Colostrum (first milk) and mature milk is jam-packed with antibodies and good bacteria. Breastmilk is a complete food and provides your baby with optimal nutrition. It cleverly adapts to meet your baby’s changing nutritional needs throughout development and during times of illness. Breastfeeding facilitates bonding between mother and baby and reduces the risk of SIDS. Exclusive breastfeeding reduces the risks of colds, middle ear, throat and gut infections and has also been linked to reduced risk of developing diabetes, bowel disease and allergic diseases such as asthma and eczema. People who breastfeed have a reduced risk of developing type 2 diabetes, heart disease, high blood pressure and ovarian and breast cancers.   

Breastfeeding is also a learned skill. While it’s natural, it’s not easy and for some people it unfortunately never gets easier. Learning how to breastfeed, while sleep deprived, with raging hormonal swings, in the midst of recovering from birth all while adjusting to your new life as a parent, is not easy.

For some mothers, continuing to breastfeed can be detrimental to their health and in turn the wellbeing of her baby. You can’t pour from an empty cup. Breastfeeding is not sustainable (long term) if you’re depleted and unwell physically and mentally. This is why it is so important that new parents have the right education and breastfeeding support.

What are your top 5 tips for breastfeeding?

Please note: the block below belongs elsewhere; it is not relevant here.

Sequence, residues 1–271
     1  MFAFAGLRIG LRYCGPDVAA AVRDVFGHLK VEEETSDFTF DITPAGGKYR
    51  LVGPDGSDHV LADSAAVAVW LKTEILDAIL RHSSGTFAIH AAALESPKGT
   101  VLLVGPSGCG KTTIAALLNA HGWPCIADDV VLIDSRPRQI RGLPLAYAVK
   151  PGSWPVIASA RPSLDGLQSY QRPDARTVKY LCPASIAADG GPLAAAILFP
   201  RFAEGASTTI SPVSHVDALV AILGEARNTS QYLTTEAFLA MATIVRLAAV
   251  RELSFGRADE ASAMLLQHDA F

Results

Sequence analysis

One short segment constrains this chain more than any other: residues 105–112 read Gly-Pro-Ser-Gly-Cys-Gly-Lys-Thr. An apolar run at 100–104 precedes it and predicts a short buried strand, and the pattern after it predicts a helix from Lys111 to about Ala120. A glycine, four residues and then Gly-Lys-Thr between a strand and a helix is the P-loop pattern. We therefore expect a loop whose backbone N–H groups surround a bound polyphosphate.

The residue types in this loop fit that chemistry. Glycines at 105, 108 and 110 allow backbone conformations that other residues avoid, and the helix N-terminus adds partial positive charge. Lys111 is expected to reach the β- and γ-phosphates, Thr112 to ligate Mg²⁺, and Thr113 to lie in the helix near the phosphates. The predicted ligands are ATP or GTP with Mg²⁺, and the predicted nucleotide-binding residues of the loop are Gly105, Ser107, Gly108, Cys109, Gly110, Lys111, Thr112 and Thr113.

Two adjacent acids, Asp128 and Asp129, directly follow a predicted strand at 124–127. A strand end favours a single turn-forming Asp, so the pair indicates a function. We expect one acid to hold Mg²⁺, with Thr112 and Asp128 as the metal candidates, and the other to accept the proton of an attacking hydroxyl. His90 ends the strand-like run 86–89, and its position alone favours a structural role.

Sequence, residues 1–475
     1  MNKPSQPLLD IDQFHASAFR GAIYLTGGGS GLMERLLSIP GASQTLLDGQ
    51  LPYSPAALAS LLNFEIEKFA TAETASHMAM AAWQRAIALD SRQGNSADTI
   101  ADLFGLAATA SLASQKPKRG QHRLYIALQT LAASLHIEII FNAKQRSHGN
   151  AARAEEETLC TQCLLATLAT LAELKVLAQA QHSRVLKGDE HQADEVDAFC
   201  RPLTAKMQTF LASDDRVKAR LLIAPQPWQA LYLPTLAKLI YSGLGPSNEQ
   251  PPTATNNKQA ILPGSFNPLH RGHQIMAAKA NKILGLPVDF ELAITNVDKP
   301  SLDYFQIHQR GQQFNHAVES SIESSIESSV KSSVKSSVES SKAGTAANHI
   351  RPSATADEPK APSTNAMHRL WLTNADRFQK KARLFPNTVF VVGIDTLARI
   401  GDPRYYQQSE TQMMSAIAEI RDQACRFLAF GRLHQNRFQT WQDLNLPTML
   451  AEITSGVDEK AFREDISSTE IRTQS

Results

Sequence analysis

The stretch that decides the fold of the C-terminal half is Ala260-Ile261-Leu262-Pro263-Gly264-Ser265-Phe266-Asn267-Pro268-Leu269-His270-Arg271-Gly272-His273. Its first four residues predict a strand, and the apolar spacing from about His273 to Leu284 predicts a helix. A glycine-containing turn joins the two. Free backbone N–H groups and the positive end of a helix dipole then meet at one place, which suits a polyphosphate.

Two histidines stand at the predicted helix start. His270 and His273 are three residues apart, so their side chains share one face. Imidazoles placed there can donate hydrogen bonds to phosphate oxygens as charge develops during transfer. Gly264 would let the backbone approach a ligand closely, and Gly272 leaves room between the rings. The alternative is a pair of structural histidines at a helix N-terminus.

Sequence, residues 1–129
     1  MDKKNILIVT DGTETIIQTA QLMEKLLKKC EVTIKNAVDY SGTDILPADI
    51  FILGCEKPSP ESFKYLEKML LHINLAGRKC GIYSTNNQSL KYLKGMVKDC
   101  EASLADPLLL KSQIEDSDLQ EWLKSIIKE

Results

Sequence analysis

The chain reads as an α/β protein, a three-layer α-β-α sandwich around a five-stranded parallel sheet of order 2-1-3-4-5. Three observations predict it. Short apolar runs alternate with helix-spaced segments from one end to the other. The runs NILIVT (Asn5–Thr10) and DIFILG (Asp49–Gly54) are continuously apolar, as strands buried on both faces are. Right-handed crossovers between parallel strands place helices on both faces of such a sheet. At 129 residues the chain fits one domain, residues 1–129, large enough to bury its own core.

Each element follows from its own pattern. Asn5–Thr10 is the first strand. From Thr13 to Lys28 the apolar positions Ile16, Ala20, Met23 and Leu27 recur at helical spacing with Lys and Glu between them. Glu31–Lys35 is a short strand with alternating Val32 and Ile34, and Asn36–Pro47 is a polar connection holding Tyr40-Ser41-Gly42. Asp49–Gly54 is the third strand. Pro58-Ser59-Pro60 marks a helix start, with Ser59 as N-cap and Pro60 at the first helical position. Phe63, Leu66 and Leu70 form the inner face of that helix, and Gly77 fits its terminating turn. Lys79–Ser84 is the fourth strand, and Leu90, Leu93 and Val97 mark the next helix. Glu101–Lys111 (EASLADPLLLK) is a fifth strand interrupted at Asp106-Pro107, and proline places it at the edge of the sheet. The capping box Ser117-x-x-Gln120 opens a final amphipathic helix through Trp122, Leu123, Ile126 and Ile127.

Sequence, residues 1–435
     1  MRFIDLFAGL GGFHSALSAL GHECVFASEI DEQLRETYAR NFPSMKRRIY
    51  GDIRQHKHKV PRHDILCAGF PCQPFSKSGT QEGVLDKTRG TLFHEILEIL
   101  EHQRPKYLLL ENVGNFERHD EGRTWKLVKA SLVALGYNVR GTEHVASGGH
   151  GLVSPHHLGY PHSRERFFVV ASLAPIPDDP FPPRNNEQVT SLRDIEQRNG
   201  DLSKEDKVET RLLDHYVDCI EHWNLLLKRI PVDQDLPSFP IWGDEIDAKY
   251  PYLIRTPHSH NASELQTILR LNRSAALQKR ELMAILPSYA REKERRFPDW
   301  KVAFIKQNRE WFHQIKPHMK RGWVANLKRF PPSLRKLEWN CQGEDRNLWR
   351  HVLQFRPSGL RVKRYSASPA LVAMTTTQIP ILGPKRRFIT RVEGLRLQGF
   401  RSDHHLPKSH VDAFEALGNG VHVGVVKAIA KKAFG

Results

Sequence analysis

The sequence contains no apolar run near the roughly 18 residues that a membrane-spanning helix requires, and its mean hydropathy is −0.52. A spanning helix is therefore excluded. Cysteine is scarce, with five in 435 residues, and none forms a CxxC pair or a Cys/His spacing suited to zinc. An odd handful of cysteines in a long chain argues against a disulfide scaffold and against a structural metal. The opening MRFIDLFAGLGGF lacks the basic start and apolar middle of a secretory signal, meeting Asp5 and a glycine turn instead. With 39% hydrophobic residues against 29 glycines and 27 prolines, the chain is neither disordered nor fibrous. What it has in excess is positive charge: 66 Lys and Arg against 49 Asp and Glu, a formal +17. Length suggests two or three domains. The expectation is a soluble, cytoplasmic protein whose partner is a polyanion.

• Learn about breastfeeding before your baby arrives. An antenatal breastfeeding class is worth every cent if you ask me. If you plan to breastfeed, understanding breast anatomy, the role hormones play in lactation and how to get breastfeeding off to a good start is going to make the transition to parenthood so much smoother.
  • Surround yourself with supportive people. Make sure that your closest friends and family understand how important breastfeeding is to you and how imperative their support is to the success of your breastfeeding journey.
  • “Do or do not, there is no try.” Set out with a clear intention. Tell yourself that you will breastfeed. So often I hear “I’m going to try” when I ask clients if they want to breastfeed their baby. A positive mindset goes a long way, and believing that you will breastfeed your baby, despite challenges that may come up along the way, will set you up for success.